Secondly, refugees often live unstable lives. They move a lot, particularly during their first year in the USA and this is also the year during which they have the most contact with the refugee placement agency. When they move they often leave things behind, particularly large bulky items like couches. If the refugee center were to find a way to keep an eye out for these moves or encourage the refugees to think of redonating the items they do not need then it could prove to be a valuable source of donations for the center.

They also occasionally get rid of old furniture when they, through one means or another, get better furniture. Since few refugees have a van or a pick up truck, the old stuff often gets tossed out instead of redistributed.

Getting furniture back from the refugees when they don't want it? It's an idea worth exploring.

Monday, September 7, 2009

Refugee furniture tip

It's been a while since I've actually written anything about how to manage a furniture program at a refugee center or other not-for-profit. This is a shame as I frequently become sidetracked with whining about the mismanagement of these places.

To provide some mature balance, here's a quote I received from a friend the other day urging me to retain perspective.:

"Clearly you did not spend your 30s hanging out with do-gooders in their twenties. This is completely what I would expect from an organization like the refugee center. The only problem for me is when someone evil insinuates themselves into the chaos and robs and thieves while no one is looking."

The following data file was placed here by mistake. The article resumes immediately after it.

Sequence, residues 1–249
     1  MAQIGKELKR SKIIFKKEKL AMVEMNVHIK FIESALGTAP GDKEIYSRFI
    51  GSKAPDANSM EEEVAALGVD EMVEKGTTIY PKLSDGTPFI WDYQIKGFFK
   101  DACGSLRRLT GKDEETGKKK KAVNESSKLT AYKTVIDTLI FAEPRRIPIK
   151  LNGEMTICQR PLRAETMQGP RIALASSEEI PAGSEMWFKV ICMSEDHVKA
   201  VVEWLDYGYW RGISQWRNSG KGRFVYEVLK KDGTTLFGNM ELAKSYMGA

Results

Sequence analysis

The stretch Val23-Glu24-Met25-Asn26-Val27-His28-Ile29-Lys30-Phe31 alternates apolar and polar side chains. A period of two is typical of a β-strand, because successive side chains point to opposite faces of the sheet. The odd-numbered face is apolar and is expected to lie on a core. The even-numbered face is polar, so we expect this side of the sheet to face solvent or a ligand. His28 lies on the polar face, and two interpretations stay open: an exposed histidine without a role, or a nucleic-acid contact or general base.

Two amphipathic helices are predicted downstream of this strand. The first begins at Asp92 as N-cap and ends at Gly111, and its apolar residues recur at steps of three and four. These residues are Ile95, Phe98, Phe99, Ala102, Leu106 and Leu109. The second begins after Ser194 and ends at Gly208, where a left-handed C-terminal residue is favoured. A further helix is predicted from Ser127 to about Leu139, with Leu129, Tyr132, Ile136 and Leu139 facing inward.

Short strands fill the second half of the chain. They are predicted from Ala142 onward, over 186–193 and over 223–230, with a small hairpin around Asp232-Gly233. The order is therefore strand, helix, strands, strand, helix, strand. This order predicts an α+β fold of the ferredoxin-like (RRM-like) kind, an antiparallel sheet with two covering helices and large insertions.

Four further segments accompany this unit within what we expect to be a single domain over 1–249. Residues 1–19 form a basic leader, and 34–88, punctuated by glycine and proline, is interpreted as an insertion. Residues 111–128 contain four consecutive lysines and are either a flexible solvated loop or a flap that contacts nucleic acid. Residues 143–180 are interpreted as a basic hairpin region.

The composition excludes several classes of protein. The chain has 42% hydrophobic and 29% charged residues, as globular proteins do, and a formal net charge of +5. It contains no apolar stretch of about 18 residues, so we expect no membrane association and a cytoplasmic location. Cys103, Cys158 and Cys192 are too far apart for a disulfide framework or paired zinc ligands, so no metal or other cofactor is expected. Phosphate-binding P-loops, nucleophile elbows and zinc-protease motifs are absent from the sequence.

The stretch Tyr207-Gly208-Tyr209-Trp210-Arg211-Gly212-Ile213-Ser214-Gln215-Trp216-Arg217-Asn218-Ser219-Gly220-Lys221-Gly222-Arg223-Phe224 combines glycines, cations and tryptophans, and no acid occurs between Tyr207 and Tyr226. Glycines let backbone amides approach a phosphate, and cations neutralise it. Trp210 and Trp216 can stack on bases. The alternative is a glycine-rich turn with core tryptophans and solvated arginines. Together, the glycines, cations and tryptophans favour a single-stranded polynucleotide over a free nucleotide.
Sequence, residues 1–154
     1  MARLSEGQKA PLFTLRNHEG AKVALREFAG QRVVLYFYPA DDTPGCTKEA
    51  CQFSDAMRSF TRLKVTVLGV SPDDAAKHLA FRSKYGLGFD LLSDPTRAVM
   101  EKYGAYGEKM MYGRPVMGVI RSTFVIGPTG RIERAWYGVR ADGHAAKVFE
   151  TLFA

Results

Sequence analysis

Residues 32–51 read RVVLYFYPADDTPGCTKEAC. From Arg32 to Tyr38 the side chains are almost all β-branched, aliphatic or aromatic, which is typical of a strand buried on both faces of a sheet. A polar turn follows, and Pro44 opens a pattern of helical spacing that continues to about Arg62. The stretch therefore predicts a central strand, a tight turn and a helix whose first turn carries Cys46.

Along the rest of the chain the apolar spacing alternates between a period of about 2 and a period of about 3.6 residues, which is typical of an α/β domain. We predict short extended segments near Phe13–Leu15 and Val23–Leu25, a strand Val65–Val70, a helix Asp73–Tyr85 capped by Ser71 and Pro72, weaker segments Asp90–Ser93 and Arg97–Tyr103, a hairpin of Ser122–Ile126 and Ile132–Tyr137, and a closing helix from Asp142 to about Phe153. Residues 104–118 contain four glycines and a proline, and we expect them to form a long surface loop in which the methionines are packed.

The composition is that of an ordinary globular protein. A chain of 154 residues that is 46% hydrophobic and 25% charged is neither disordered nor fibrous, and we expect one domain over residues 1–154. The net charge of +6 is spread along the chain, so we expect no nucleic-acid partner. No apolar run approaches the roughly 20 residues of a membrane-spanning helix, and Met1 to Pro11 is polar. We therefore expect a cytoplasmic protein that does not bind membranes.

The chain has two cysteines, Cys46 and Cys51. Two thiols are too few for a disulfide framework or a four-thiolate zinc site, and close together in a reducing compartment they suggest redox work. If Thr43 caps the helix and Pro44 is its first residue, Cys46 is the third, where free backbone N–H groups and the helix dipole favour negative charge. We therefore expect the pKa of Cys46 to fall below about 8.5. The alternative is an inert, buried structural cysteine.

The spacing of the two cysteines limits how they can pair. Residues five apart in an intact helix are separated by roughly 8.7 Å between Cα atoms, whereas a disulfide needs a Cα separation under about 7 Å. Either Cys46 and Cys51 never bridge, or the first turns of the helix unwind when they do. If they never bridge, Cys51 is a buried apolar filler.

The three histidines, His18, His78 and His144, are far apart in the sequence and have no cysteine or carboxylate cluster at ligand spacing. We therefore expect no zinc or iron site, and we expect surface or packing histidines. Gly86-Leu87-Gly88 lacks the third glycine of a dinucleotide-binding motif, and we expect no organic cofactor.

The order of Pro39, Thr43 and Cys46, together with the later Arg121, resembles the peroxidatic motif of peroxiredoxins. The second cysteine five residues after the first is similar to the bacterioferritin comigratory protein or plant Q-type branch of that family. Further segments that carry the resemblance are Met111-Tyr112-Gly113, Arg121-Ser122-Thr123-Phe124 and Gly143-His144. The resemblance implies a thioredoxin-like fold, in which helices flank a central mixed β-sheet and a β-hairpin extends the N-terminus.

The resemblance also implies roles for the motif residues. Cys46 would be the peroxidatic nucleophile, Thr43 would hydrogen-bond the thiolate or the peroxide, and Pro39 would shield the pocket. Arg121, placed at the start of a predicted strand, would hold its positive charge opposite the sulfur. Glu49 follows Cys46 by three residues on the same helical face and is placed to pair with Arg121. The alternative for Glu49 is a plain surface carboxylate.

Yup. Alas, perhaps the entire thing is just a sense of unrealistic expectations on my part. Then again, I do think there's something wrong when an NGO whose CEO makes approximately $200,000 a year puts someone in charge of a programming affecting the lives of hundreds of people and continues to do so long after it becomes obvious that problems are developing due to mismanagement. Then again, I'm often known for being unrealistic, which perhaps explains why I was working there in the first place.

But back to the furniture, here's a very important tip.

When accepting furniture for donation make sure you have the supplies you need to keep the parts together. This means masking tape and zip lock bags. When you get, for instance, a bed that is put together with bolts and fasterners and has a disassembleable frame, then take it apart, put all the small pieces in zip lock bags and masking tape the bags to the larger pieces. Then take the large pieces and wrap them around a few times with the masking tape several times. Make sure that it's strong enough to last.

The difference between usable furniture and clutter-junk is that with the first one all the pieces are in a place where you can find them.

When I started at the refugee center, our bed collection looked like a pile of tinker toys scattered all over a corner of the floor. Not only was it difficult to figure out which pieces of beds went with one another, but even after you did, you often found yourself unable to find the nuts, bolts, wheels and other fasteners that held them together. In many cases they did not even exist, having been lost long ago, and thus you had to make frequent runs to the hardware store often while trying to guess what sort of bolts one actually needed.

Avoid this problem. When you get a piece of furniture, handle it once. Handle it right. Put all the pieces, big and small, together into one unit with masking tape and zip-lock bags.